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Yamanaka on Stem Cells

Shinya Yamanaka tells the Los Angeles Times that he started working with induced pluripotent stem cells because the stem cell field was so competitive. "I decided to go the opposite direction — [turning body cells] back to the embryonic state," he says. While iPS cells get around the ethical issues of embryonic stem cells and the chance of immune rejection that comes along with embryonic stem cells, Yamanaka notes that the cells are made by retroviruses and can lead to tumor growth. "Scientists need to find out the methods to generate safer iPS cells, how to turn those cells into functional cells, and how to transplant resultant cells into a body. We also need to figure out how to use the cells to study diseases in the lab," he says.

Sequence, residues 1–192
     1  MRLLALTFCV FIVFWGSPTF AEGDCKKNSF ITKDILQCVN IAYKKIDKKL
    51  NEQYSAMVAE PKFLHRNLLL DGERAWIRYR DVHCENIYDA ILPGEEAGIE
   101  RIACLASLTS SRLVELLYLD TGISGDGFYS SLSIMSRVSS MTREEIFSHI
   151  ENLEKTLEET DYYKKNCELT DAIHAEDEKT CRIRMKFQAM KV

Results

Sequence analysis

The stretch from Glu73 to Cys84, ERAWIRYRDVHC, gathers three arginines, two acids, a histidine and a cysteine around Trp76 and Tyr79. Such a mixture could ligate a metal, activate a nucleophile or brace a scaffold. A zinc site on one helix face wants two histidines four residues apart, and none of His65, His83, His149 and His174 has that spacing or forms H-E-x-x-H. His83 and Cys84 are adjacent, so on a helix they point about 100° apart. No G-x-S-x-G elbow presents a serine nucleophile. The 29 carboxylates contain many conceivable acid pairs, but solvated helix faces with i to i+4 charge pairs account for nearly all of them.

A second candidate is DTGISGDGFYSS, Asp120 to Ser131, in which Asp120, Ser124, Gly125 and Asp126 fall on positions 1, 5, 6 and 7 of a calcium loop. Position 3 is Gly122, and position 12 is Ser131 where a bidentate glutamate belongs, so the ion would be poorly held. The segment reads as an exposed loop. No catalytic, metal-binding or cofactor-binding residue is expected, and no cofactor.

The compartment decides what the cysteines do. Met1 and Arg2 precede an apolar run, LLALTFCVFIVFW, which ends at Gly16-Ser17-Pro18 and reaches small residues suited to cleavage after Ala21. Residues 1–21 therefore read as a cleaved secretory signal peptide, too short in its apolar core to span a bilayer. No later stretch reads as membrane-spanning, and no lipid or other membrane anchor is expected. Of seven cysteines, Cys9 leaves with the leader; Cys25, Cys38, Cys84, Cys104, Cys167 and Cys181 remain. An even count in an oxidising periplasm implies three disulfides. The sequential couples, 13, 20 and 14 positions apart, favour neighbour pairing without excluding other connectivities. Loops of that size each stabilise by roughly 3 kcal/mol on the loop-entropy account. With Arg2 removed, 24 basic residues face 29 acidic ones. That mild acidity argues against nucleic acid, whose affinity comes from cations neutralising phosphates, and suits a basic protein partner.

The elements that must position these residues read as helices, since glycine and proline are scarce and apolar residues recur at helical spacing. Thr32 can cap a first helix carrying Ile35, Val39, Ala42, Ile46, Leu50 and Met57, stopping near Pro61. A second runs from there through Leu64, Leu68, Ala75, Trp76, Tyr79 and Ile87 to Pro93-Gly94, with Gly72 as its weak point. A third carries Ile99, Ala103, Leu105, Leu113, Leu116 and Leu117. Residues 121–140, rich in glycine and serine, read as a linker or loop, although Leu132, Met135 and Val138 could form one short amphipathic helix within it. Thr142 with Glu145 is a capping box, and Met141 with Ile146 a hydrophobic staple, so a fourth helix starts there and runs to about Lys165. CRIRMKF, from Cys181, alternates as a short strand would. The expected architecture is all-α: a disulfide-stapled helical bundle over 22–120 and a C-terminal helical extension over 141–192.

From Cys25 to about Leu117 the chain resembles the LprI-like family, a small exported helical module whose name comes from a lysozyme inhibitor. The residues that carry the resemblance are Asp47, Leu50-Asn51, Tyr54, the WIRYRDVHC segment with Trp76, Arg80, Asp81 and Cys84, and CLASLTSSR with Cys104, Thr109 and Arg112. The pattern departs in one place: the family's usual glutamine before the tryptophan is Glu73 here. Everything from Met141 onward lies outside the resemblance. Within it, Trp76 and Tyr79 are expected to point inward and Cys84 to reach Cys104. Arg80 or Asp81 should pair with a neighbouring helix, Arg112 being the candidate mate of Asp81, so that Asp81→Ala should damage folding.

The Scan

Pig Organ Transplants Considered

The Wall Street Journal reports that the US Food and Drug Administration may soon allow clinical trials that involve transplanting pig organs into humans.

'Poo-Bank' Proposal

Harvard Medical School researchers suggest people should bank stool samples when they are young to transplant when they later develop age-related diseases.

Spurred to Develop Again

New Scientist reports that researchers may have uncovered why about 60 percent of in vitro fertilization embryos stop developing.

Science Papers Examine Breast Milk Cell Populations, Cerebral Cortex Cellular Diversity, Micronesia Population History

In Science this week: unique cell populations found within breast milk, 100 transcriptionally distinct cell populations uncovered in the cerebral cortex, and more.